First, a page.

GDQ’s literacy program equips students with a strong command of language by providing them with balanced instruction in the four areas of communication — speaking, writing, reading and listening — so that they might communicate their ideas with clarity and understand, appreciate, and examine the ideas of others based on God’s truth. In doing so, the program seeks to ensure that students
- read easily, fluently and with good understanding.
- recognize the aesthetic beauty of literature.
- analyze ideas through a variety of lenses including logical, cultural and biblical.
- comprehend and critically analyze a variety of texts.
- research a variety of topics, using credible sources and communicate their research in a variety of forms.
- clearly communicate orally with confidence in both formal and informal settings.
- become lifelong readers, reading widely and often, for both pleasure and information.
- acquire a wide vocabulary, an understanding of grammar and knowledge of conventions for reading, writing and speaking.
- write clearly, accurately and coherently, adapting their language and style in and for a range of contexts, purposes and audiences.
- use discussion in order to learn, elaborating where needed and explaining clearly their understanding and ideas.
Lower School Literacy Program
GDQ’s lower school literacy program focuses on meeting and enhancing the individual learning needs of each student. The program incorporates standards and curriculum from both Britain and the US. Curriculum maps, overviews and unit plans focus on whole class teaching elements while allowing for individualized student differentiation as the school’s student population is highly international.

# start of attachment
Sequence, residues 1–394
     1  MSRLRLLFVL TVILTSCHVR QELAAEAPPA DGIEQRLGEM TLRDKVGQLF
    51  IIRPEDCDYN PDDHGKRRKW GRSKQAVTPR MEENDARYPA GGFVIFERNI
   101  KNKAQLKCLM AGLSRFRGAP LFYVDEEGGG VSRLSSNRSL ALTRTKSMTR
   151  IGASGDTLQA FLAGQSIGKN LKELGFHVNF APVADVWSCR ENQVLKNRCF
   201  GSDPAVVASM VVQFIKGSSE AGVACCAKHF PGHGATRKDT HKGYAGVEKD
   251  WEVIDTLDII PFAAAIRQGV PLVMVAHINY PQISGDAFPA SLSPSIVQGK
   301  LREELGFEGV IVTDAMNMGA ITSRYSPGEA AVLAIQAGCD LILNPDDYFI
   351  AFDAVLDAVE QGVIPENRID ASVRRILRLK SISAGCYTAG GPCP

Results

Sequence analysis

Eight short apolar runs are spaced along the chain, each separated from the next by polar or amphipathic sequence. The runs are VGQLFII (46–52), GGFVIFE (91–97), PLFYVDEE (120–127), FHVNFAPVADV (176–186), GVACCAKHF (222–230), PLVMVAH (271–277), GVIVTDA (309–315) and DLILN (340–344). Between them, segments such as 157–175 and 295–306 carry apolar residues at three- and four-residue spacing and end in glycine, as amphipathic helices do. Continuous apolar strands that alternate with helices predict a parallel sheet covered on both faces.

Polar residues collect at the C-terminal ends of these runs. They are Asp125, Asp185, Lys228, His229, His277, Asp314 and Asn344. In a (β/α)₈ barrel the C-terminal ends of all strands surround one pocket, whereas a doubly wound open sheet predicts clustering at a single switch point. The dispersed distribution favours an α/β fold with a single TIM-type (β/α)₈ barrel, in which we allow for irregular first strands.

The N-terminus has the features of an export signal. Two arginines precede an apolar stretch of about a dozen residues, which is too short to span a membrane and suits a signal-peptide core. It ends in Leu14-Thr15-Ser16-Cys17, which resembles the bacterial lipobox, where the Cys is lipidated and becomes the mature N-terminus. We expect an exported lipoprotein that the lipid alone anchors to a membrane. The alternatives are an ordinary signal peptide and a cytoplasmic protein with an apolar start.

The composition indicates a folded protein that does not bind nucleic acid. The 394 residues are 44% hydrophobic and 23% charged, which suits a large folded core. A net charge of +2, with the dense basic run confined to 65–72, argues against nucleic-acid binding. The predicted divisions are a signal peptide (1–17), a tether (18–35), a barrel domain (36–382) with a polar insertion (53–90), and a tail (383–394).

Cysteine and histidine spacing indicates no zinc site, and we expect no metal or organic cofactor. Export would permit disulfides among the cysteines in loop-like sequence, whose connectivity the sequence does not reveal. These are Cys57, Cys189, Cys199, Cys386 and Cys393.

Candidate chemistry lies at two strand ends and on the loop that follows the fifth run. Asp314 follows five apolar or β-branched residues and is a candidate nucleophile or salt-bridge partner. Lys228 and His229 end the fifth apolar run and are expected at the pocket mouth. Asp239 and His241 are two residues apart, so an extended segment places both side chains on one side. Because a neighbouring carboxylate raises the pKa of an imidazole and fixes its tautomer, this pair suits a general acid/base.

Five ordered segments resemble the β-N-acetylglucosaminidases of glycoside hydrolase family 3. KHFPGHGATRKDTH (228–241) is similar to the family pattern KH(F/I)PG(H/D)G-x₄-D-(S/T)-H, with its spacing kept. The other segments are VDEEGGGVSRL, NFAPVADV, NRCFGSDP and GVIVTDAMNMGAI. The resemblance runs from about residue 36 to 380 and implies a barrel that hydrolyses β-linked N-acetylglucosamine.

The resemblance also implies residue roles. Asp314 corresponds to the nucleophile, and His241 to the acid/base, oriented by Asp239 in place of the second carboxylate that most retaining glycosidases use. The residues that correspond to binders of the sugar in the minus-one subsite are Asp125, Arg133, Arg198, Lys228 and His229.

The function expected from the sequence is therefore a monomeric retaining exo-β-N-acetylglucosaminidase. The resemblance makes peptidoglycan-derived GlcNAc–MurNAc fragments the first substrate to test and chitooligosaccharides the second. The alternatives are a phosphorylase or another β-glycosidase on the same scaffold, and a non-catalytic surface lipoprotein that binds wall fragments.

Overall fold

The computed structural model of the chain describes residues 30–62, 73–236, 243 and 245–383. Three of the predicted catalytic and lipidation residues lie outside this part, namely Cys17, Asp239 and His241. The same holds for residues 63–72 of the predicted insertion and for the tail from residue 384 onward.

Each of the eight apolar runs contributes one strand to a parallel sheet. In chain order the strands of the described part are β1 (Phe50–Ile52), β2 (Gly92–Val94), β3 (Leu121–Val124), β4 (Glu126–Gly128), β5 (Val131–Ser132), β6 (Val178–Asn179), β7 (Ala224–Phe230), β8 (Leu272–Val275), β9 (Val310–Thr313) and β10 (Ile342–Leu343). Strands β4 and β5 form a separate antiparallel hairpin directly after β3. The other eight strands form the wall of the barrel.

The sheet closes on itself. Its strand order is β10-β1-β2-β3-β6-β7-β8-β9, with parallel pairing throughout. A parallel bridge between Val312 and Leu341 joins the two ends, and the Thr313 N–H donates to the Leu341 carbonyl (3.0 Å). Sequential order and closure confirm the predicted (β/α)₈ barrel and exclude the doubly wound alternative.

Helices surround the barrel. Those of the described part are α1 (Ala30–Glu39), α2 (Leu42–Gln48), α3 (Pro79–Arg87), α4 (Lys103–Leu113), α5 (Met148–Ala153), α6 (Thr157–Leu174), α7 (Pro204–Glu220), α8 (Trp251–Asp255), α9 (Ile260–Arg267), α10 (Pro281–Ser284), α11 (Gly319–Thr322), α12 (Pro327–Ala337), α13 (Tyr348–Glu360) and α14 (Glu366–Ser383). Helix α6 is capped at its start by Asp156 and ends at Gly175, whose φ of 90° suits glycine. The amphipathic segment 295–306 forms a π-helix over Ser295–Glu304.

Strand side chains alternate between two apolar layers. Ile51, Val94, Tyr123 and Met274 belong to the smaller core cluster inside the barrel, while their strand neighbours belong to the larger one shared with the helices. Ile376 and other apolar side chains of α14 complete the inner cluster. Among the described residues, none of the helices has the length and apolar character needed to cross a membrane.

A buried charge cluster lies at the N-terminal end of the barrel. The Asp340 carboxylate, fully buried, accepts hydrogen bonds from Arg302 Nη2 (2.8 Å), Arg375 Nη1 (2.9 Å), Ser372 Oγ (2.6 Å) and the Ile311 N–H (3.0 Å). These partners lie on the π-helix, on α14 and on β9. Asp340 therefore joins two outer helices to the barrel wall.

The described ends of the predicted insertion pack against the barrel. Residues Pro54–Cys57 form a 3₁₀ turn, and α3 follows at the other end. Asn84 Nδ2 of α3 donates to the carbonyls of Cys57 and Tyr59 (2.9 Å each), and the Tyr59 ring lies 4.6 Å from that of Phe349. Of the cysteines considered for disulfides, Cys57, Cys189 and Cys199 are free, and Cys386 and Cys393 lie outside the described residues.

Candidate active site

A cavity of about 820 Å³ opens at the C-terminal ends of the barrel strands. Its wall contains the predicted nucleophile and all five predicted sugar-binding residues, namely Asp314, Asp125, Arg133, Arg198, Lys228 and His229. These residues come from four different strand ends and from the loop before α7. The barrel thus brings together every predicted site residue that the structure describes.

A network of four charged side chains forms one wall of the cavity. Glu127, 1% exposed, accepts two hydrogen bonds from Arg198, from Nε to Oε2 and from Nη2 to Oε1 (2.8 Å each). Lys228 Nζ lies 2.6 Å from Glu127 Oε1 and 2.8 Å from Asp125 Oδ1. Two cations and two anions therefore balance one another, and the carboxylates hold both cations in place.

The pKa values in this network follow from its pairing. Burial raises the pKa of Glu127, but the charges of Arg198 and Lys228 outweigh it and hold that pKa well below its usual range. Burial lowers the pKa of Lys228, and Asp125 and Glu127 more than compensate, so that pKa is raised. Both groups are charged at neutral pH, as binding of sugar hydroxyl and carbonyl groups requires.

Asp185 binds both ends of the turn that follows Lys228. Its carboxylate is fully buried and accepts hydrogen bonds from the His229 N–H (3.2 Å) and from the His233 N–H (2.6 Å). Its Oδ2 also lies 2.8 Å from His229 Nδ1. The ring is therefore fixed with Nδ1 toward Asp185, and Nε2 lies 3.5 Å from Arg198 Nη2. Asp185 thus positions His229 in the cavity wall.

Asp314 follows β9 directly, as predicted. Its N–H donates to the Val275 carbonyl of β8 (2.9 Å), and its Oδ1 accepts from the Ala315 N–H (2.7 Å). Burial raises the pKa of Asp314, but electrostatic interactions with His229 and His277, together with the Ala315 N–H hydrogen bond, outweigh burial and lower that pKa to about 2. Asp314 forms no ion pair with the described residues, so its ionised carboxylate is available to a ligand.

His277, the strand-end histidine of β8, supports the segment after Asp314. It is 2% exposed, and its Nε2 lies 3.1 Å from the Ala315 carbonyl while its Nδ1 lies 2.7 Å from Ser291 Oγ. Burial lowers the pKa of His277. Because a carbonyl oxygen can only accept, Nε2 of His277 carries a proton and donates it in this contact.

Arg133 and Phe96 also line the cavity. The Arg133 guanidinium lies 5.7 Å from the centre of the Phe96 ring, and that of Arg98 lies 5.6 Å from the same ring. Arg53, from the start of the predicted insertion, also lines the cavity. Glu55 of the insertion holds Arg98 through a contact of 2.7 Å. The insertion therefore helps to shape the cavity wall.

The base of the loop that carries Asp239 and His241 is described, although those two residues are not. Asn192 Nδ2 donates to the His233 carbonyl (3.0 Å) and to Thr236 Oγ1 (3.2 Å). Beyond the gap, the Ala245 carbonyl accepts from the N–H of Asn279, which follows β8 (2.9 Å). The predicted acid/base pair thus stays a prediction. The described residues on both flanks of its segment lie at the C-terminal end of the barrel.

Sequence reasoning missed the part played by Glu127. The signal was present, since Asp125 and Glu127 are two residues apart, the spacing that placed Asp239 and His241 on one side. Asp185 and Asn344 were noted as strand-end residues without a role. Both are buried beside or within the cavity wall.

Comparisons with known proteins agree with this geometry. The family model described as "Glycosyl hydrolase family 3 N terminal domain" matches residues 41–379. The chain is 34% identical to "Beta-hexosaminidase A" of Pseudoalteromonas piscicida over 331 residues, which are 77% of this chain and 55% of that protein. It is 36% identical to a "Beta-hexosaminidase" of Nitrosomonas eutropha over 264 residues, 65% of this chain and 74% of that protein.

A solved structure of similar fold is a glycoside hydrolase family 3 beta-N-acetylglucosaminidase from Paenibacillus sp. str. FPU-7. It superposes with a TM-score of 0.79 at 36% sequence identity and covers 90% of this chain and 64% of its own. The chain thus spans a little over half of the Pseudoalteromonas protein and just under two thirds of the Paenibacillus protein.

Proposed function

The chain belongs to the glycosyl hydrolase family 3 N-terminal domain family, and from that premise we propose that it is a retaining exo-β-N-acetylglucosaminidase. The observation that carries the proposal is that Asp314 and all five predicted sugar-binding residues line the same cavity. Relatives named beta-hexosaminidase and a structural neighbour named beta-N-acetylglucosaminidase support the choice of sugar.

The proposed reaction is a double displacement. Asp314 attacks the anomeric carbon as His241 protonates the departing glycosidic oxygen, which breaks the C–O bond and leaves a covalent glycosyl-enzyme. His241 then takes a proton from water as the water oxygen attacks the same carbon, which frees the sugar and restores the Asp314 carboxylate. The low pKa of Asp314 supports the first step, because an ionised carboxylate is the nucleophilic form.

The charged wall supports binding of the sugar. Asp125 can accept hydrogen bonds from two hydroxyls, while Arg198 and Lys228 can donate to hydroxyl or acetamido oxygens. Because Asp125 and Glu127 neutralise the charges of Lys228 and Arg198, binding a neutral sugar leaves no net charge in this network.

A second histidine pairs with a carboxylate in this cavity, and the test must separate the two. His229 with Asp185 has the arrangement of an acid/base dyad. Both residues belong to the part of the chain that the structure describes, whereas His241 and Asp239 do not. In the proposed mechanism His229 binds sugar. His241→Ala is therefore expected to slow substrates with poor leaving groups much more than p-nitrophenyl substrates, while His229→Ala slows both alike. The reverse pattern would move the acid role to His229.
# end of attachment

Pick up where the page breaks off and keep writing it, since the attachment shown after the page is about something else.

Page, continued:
Curriculum for the K5 program takes a thematic approach and promotes growth in reading comprehension, writing, listening and speaking. Skills and objectives are integrated across the subject disciplines.Reading and spelling are individualized to best meet student needs. Reading programs are based on DRA (Developmental Reading Assessment) for accuracy and comprehension, DIBELS fluency probes and guided reading books published by Heinemann Literacy Worlds and Comets. Supplemental leveled readers, both fiction and non-fiction, come from Reading A-Z. The Nelson spelling program supports individualize spelling.
In kindergarten and grade 1, reading, spelling and handwriting are taught through the use of systematic programs that use multi-sensory and multiple intelligences approaches to learning. The integration of phonics learning with reading, spelling and handwriting exposes students to the practical and real-life purpose for learning. The learning of and use of the basic high frequency words, including those that are not phonetic, are also integrated into the K1 program to ensure that students develop a solid base of English language acquisition skills for future learning. Reading comprehension, oral language, grammar and writing skills are integrated and taught through the use of cross-curricular themes from science and social studies.
Middle School Literacy Program